Upon first listen you’d be mistaken for thinking that J Fella had been around since the scene began. With stomping kick drums, emotional vocal leads and bubbling basslines J Fella manages to touch upon that sweet spot left by old school artists that at present remains underexploited. Aside from his deliciously nostalgic tunes perhaps the most remarkable thing about this producer is that he’s a New York native.
Charting a rather spectacular course from the East Coast of the US to South Yorkshire’s Sheffield, J Fella’s story thus far is one of dedication and a love for a scene he unpredictably found himself in. I was lucky enough to borrow J Fella for a quick interview which can be found in full below:
Q: To know someone who’s even heard of Bassline in the States is a rarity: what was it that first got you into the genre and do you have any stand-out influences?
A: I first heard of bassline back in ‘07, it was a random mix someone on YouTube did which had that classic, skanking smiley gif matched up to the 140bpm’ness. I was all like “what is thissssssssss”- fuckin’ bumping. I would say T2 was a standout influence for me at the time, and people say they can hear a bit of T2 in my tunes and that makes me feel happy.
Q: Haha that smiley gif has done the rounds! I can also completely hear the T2 influence as well to their credit. For anyone not familiar with your sound there’s a real old-school flavour to your tunes – Was it a conscious choice to produce music in this style or was it just what came naturally?
A: I’d say it was a conscious effort to make the old school sounding wobblas at first because my roots in production are actually slower New York/London bass house stuff. But when I started making the Niche it seemed my tunes were just gluing themselves together effortlessly – a natural flow that I wasn’t getting with my other productions so I stuck with that.
Q: Your tunes do sound super authentic and that’s what first brought my attention to your music; they really wouldn’t sound out of place in an old-school compilation.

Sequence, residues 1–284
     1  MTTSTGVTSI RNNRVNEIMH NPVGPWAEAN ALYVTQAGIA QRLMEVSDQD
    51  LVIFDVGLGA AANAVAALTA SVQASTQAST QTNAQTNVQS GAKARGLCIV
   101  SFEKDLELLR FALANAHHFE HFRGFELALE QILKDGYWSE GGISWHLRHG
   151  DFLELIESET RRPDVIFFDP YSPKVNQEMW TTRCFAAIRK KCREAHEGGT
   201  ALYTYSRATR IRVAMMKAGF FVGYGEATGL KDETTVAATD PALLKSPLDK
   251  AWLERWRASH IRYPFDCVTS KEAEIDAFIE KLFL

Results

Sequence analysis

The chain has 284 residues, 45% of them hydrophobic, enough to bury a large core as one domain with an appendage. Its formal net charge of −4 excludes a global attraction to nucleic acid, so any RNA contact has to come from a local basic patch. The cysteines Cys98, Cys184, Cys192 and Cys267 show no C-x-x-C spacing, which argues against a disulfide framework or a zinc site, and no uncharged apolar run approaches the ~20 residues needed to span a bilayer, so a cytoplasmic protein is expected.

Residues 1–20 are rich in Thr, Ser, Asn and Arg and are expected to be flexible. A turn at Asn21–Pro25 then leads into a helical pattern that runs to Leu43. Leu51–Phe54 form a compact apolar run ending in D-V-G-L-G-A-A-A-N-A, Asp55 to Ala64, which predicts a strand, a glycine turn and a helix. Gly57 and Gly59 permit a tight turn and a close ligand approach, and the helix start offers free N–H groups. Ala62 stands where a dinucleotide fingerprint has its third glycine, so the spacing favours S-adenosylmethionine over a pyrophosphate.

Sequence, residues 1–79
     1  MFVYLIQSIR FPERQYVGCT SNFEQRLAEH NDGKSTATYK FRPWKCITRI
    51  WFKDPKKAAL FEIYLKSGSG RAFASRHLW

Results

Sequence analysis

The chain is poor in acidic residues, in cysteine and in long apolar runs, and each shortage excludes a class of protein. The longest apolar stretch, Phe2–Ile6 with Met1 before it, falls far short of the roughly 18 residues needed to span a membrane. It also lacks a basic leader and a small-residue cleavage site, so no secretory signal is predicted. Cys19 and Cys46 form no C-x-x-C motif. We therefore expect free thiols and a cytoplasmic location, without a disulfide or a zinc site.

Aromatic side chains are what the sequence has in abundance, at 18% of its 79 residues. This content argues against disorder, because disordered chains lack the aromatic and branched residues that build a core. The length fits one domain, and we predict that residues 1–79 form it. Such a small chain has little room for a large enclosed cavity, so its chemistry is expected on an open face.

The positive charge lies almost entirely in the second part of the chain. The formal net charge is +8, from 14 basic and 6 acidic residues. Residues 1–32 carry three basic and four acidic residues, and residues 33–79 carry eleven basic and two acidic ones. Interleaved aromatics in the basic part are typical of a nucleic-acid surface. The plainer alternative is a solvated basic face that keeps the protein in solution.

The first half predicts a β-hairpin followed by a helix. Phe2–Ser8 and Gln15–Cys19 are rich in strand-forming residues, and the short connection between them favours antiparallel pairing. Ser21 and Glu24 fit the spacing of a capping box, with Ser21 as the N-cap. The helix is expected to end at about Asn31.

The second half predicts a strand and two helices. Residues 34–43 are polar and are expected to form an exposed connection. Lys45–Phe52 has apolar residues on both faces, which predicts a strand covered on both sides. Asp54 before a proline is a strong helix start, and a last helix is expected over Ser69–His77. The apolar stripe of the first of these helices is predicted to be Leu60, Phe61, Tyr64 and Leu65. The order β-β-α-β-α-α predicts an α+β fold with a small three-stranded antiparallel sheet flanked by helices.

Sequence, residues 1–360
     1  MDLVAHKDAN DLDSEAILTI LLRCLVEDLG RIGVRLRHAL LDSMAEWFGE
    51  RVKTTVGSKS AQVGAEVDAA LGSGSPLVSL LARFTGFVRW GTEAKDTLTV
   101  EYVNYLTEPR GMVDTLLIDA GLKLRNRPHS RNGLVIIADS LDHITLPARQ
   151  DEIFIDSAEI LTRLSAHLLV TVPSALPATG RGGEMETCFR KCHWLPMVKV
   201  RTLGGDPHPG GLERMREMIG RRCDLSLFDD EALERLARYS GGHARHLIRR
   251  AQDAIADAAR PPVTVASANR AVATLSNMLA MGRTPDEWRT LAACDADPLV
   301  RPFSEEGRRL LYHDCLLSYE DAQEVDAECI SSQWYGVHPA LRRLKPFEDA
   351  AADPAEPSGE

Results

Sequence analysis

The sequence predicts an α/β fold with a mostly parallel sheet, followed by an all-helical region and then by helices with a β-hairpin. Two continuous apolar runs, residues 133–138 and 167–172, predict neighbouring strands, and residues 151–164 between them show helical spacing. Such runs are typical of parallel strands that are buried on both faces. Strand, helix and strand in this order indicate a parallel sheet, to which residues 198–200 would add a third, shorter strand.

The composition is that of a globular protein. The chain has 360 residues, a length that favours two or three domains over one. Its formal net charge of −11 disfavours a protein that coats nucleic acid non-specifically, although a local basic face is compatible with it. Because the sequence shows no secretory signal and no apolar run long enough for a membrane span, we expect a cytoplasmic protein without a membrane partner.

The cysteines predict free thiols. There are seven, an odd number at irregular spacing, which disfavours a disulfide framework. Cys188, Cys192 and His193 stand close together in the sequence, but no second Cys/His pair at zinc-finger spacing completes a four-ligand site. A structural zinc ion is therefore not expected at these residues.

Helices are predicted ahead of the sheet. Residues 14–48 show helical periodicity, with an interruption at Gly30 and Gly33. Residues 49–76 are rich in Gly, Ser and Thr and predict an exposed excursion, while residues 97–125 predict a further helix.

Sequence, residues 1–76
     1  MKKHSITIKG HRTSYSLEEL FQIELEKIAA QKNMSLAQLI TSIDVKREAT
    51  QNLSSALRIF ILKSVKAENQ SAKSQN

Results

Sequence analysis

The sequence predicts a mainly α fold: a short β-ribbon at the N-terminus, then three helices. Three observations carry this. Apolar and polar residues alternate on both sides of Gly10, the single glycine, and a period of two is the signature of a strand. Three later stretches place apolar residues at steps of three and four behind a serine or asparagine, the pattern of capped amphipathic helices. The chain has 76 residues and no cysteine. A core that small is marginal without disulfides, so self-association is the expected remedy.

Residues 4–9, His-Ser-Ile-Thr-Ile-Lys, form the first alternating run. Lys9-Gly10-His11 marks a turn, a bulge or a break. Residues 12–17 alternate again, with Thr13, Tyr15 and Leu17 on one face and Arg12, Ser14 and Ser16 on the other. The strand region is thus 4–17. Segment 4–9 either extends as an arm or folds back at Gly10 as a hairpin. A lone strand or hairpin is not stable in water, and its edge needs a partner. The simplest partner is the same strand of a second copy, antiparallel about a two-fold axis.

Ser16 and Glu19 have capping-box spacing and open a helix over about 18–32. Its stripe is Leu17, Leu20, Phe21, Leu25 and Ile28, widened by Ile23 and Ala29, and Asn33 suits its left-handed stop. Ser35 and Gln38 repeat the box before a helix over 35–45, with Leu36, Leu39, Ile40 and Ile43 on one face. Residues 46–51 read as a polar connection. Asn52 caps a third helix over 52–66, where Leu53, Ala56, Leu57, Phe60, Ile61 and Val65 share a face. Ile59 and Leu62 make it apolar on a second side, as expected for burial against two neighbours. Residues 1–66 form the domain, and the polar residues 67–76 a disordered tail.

A: That’s what I’m going for – them womping booming basslines counteracting the soft RnB vocals in the best way.
Q: Trust me bro, that’s what it’s all about. So fairly recently you actually made it over to the UK to play a show with the Off Me Nut gang. Was this your first booking in the UK and what did it mean to you coming over?
A: Yes not only was this my first booking overseas, it was my first time overseas. It meant everything that I was getting called over from the best independent bassline label in England to play a couple nights with them, respect to those guys forever for that, Tich, Mike and Charlie and the rest of the Off Me Nut Crew. England’s nightlife 100% reminded me of New York nightlife the way clubs were laid out and the crowds. It was such an odd thing to hear my own music on a club system, but it f****n bumped.
Q: Honestly as somebody who’s just observed your story from a distance it was so nice to see a love of music bringing people together across continents. I actually had to miss your show because I was working and I don’t know if I’ll ever forgive myself for it. Do you have a highlight from your trip over to the UK?
A: There’s gonna be another time I’m over there guaranteed so no need to feel down about it bro!
Q: That’s reassuring to know – I think the scene could do with a lot more J Fella.
A: [On the highlights of the trip] Almost too many highlights, some nsfw and some of what you’d expect from flying 3000 miles away from home to shell out your tunes. I’ll never forget the way the crowd jumps when I dropped my more “hyped” type tunes, and I’ll never forget the way they skanked when I dropped the more soulful RnB side of me.
Q: Can’t even imagine how that must have felt – super surreal I imagine. Well J Fella unfortunately we’re almost at the end of the interview, but it looks like your music career is just beginning and I’m hyped to see where it takes you. Is there any music in the works or any projects you’re working on right now that we should look out for?
A: Well things are taking more time than I expected and that’s just the way music is sometimes, the motivation comes in and out but as long as I keep hearing people are hyped about me it’s gonna keep J Fella around for some time I think, and at the moment I’m working on an LP or maybe even an album. As more guys/girls feel what I put out, there will be many more dutty stinkin’ wobblas.
Q: Mate if people don’t already know, they need to know. J Fella, you’re a legend and I know I’ll be hearing more from you for years to come. Any final words/advice for any budding producers out there?
A: Thanks for having me it was a pleasure and much respect to 3000 for pushing some decent fuckin tuneage out there. A word or two to the producers who think it can’t happen, well it f****n’ can. Badda bing badda boom.
Many thanks to J Fella for giving us here at threethousand.co.uk the time for a quick interview! Links will be provided below so you can cop/stream his music and make sure to follow him for future releases:
Words: Jordan Moussavi